|Browned and luscious|
3. Raise the heat under the wok to medium-high and add the fish, skin side down. Cook the fish without moving it until it browns, which will allow the soy sauce on the skin to caramelize. Use a wok spatula to loosen the fish and turn it over. Reduce the heat to medium. When the bottom is lightly browned, remove the fish to a plate.
4. Raise the heat under the wok to high, and then add the aromatics, mushrooms, and rice wine to it along with the rest of the soy sauce, about 1 teaspoon rock sugar, and the strained mushroom soaking liquid. Bring this to a full boil. After about a minute, taste the sauce and add more sugar if needed. Quickly cook this down until about half of the sauce remains. Gently slide the fish and any juices into the wok and simmer the fish in the sauce so that they get to know each other. After about 5 minutes, pierce the thickest part with a chopstick – if it goes through the fish as if it were made of butter, the fish is done. Carefully remove the fish to a rimmed deep serving dish, boil the sauce down until it is syrupy, and scrape it over the fish. Serve with hot rice.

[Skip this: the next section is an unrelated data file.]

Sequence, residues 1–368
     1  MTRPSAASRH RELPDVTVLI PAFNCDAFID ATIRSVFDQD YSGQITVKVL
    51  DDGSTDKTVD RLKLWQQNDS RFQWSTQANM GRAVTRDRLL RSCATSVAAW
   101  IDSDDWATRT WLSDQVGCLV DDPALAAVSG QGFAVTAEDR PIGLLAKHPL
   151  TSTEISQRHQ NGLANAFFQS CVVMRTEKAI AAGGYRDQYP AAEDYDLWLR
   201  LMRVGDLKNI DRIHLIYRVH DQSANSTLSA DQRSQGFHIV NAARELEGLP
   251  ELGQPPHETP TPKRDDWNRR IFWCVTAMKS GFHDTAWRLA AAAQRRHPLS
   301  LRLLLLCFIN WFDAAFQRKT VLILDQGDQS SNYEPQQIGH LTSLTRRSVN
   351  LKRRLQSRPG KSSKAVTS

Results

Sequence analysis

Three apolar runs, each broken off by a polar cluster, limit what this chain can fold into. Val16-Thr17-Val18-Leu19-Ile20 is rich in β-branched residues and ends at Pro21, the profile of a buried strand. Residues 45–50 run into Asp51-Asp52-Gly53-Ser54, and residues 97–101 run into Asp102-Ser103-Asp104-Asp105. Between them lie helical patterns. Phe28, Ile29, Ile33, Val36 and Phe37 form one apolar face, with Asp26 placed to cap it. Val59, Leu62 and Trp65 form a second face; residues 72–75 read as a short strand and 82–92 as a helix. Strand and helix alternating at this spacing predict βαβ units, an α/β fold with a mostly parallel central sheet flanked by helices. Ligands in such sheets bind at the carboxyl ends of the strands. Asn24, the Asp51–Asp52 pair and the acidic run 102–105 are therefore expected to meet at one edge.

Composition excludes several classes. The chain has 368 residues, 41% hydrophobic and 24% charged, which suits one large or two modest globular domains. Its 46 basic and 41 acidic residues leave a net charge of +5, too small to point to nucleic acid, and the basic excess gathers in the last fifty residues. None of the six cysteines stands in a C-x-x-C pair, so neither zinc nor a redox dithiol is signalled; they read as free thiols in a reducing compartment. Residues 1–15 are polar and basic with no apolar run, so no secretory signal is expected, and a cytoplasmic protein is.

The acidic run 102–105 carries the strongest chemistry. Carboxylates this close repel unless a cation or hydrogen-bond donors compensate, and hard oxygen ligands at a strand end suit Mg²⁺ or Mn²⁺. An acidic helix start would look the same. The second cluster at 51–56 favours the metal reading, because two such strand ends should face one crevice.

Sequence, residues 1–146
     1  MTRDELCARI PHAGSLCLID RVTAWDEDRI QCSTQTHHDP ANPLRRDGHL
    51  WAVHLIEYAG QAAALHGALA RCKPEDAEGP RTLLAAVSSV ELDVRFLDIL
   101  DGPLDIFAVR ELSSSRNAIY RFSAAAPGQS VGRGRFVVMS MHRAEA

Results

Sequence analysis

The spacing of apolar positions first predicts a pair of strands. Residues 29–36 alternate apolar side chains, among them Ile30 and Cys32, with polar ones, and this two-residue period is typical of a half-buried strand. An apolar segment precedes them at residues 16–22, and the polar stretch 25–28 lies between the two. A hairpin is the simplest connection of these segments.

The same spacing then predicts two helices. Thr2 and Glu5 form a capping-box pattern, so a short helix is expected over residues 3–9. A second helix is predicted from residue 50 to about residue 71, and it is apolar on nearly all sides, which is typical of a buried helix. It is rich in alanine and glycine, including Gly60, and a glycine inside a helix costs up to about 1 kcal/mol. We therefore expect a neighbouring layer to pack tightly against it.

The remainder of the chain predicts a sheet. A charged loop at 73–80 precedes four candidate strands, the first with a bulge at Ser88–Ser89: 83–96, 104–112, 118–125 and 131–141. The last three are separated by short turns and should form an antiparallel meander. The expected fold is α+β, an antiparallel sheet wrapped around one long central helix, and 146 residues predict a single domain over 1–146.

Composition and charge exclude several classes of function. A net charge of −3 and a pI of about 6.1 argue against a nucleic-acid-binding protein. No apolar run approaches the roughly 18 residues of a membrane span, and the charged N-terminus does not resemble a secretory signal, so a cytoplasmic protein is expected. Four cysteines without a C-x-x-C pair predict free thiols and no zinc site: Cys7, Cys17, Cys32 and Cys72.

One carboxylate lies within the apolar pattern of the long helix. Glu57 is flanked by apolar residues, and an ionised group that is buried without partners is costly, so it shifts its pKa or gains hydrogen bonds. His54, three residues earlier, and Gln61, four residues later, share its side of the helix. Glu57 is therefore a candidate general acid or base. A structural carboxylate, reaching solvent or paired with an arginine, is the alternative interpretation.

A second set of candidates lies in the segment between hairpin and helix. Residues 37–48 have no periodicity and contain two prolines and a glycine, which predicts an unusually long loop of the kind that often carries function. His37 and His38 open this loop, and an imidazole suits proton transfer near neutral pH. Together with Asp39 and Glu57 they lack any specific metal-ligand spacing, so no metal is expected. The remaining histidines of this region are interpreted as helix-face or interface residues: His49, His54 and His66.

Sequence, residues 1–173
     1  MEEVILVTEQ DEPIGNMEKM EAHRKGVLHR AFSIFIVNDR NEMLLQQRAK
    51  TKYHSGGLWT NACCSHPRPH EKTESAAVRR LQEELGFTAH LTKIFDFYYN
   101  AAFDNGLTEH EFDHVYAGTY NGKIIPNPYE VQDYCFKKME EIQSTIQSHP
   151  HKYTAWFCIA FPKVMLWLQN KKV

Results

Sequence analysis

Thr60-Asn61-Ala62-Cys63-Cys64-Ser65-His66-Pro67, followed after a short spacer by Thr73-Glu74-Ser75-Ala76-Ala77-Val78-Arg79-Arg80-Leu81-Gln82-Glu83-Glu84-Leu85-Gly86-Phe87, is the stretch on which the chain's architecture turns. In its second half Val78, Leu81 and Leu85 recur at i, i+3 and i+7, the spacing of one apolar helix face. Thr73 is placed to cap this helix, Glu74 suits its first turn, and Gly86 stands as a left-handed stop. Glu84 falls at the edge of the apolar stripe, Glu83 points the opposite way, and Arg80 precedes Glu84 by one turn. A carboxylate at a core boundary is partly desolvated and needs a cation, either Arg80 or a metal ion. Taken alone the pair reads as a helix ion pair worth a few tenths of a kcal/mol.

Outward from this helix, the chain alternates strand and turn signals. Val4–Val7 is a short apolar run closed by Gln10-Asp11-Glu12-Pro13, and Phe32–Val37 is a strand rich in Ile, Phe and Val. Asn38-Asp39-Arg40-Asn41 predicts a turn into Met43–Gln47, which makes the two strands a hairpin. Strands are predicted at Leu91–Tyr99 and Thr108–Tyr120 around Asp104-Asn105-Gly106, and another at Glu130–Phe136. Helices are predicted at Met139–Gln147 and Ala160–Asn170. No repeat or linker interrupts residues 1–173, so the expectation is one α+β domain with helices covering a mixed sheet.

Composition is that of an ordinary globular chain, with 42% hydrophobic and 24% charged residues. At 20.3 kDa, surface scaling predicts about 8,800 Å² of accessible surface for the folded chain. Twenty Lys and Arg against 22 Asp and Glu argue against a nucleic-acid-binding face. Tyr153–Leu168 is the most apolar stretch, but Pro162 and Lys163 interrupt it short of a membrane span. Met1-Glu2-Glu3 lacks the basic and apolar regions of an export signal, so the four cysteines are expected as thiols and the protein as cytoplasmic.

The traditional fish for this recipe is yellow croaker. However, any good, sustainable fish like Pacific halibut or the wing of a big skate will be, in my humble opinion, even better.
If you get something from a giant fish like halibut, aim for the flat section just behind the cavity. This is relatively boneless and has lots of skin, which you want to keep attached to the flesh, for it ends up supplying all sorts of delicious fats and flavors to your dish, plus it helps keep the fish from falling apart. Moreover, the flat shape of this cut of a halibut – like a skate wing – allows it to cook quickly, and yet gives each morsel the chance to be bathed in the sumptuous sauce.